Johnny Depp: Captain Jack in no mood to quit the life of a buccaneer

Johnny Depp has voyaged from cult actor to franchise mega-stardom. As the latest Pirates of the Caribbean makes landfall, he explains the lure of the sea to Gill Pringle

Arnold Schwarzenegger was the Terminator, Mel Gibson was Mad Max, Bruce Willis was John McClane and Johnny Depp is... well, a slightly camp pirate.

Ask an actor to reprise a character more than a few times and, chances are, they'll bolt for the door screaming "artistic credibility!". Thespians flinch at the word "franchise", imagining that any huge commercial enterprise must somehow lack artistry, yet Depp brings the same commitment to his fourth outing as Pirates of the Caribbean's unscrupulous Captain Jack Sparrow as he does for any of his roles, even earning an Oscar nomination for the first film, Pirates of the Caribbean: The Curse of the Black Pearl.

What's interesting is that he's still game for more. "Yeah, I think they can wheel me in, have my dreads get tangled in the wheels of my chair," says Depp, 47, talking at a Beverly Hills hotel on the eve of the Hollywood premiere. "Interestingly for me, a character like Captain Jack, you feel like you can just continue. The possibilities are endless and limitless. There is any possibility of madness and absurdity so, you feel like with the character, you're never really done."

He has even been on the Pirates of the Caribbean ride at Disneyland. "It's pretty psychedelic actually. I guess we could make it even more psychedelic but we shouldn't go there now!" he quips. "Wandering through that ride and suddenly, there you are three times in the thing. But it's quite an honour, you know, in a weird way – this thing you took part in creating becomes this forever sort of object."

With a script for a fifth Pirates apparently already in the works, Depp warms to the theme, "There's a brilliant idea for Pirates 5 and 6; we're actually gonna shoot them on the ride, just going around in circle, non-stop. Kind of like Andy Warhol's Sleep, with close-ups on everyone."

While the Disneyland premiere of Pirates of The Caribbean: On Stranger Tides brought out scores of Jack Sparrow lookalikes, it's typical of Depp to show up to our interview looking as far removed from his swashbuckling pirate creation as possible.

Dressed in a yellow leather jacket, blue striped golf shirt, jeans and a natty black fedora with a bright hatband, he speaks softly: "In terms of any connections to the character of Captain Jack, we are completely different, there is nothing I can relate to Captain Jack whatsoever. With every character you play, there is a part of you which goes, in terms of ingredients of making this stew, so there is most definitely a part of me in Captain Jack and now, fortunately or unfortunately, there is a great part of Captain Jack in me as well. Basically, I can't shake him, he won't leave me alone! He keeps showing up at odd times, in fact he arrived this morning when I was getting my kids ready for school. I had to shoo him away," laughs Depp, whose Sparrow likenesses today compete for space on Hollywood Boulevard, hustling the tourists alongside the Spider-Men and Snow Whites.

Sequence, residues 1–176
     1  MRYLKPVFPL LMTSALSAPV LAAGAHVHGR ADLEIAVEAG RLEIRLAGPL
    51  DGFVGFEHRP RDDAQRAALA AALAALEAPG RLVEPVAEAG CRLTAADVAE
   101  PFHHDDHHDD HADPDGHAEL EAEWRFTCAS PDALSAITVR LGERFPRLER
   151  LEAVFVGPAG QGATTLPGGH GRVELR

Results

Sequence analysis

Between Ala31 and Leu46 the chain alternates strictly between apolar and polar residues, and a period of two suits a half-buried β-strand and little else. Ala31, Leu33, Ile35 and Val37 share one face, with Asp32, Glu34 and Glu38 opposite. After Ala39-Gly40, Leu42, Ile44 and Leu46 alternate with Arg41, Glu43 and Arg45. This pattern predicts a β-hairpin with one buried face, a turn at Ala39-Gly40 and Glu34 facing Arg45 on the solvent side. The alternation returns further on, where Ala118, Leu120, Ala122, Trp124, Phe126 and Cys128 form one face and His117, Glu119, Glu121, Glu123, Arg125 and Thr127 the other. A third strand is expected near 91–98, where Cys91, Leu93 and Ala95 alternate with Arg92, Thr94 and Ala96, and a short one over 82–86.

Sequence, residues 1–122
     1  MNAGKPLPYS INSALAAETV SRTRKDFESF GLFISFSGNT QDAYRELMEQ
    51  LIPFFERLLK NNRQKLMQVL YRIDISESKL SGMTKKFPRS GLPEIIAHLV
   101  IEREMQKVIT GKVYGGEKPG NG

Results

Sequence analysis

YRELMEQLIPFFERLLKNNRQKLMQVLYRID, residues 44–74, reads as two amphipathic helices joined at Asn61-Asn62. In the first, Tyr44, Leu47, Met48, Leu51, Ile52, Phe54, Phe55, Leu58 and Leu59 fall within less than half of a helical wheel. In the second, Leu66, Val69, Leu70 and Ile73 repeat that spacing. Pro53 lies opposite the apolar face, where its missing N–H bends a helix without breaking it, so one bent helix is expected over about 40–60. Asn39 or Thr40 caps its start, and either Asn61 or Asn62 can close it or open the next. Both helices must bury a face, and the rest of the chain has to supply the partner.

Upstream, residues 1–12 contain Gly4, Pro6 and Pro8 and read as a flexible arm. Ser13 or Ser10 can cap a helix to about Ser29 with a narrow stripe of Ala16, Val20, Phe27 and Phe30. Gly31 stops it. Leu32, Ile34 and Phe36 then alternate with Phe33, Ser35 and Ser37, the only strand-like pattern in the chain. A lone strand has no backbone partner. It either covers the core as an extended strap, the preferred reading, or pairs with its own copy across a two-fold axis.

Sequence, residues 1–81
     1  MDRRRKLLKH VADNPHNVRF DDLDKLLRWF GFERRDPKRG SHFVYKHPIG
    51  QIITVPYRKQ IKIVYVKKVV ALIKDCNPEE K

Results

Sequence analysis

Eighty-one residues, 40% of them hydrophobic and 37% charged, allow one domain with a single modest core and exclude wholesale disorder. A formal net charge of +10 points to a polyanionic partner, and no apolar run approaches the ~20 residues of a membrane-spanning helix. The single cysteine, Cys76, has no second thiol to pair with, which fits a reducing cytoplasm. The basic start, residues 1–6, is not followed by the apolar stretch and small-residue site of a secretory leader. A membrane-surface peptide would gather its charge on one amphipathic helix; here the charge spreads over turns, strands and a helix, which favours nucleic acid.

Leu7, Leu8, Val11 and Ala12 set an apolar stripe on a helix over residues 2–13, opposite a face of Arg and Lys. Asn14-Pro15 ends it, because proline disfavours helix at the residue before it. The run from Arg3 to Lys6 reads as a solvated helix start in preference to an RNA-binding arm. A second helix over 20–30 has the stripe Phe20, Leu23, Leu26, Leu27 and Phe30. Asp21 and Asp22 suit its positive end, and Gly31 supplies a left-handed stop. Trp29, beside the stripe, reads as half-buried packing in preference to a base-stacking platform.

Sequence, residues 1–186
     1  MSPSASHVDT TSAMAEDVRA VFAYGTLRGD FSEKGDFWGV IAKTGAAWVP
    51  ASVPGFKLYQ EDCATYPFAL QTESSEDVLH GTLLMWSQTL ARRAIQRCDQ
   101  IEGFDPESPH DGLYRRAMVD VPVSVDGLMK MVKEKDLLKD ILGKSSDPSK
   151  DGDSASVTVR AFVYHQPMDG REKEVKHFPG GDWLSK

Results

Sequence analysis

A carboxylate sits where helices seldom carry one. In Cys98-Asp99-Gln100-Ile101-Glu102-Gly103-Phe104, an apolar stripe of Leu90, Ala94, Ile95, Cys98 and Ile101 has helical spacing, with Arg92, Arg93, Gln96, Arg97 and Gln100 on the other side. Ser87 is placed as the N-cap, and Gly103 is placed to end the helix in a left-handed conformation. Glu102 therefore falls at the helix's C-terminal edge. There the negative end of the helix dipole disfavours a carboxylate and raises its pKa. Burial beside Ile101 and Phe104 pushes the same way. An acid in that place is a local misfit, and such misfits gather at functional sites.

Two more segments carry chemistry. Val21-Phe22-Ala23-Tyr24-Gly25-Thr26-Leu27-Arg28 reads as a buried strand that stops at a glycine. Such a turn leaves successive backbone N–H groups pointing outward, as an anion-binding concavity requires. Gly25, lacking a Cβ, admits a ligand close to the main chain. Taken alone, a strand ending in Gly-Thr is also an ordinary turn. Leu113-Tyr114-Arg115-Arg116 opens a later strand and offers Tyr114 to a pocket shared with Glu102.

Discussing his plans for the future, he continues with ocean metaphor. "Smooth sailing, that's what I hope for. I'm OK with no big ups, no big downs, it's alright, just full steam ahead, all things well and good. As a family man, all you want as a dad, is pure happiness for your kids, that's an universal sort of parent wish. That's my dream. Happy kids," says the actor who experienced enough romantic ups and downs in his past to today enjoy the peace of a settled relationship with French singer Vanessa Paradis, whom he met in 1998 on the set of The Ninth Gate, shortly after the break-up of his relationship with Kate Moss.

He was just 20 years old when he wed make-up artist Lori Anne Allison, they divorced two years later, Depp going on to date numerous Hollywood beauties including Winona Ryder and Sherilyn Fenn.

With Paradis he has a daughter Lily-Rose, 12, and son Jack, nine, the family dividing their time between whatever city Depp is working in and their permanent homes in the Parisian suburb of Meudon and a vineyard outside St Tropez. One of those rare heart-throbs who appeals to multiple generations, his image is just as likely to be found on the classroom wall as it is in a nursing home. And while he's certainly a handsome fellow, his broad appeal must also have something to do with the many nuances he brings to each role.

Or, as Pirates of The Caribbean: On Stranger Tides director Rob Marshall puts it: "Johnny is a character actor in a leading man's body. He can do anything. Its astonishing to watch him work because he's such a creative force, he's always thinking. You see how he answers questions. Its not just like 'blah blah blah', he lives in a very creative space. He's always inventing."

Depp's rocker pal Keith Richards shows up once again in the latest Pirates, playing his father, although, according to Marshall, it wasn't originally in the script. "That was Johnny," he recalls. "Johnny said, 'I'd like Keith to be in the film, I'll ask him' and so he asked him and he said yes. Johnny's very good with him and draws it out of him and makes it easy. Keith loved his costumes and his hair."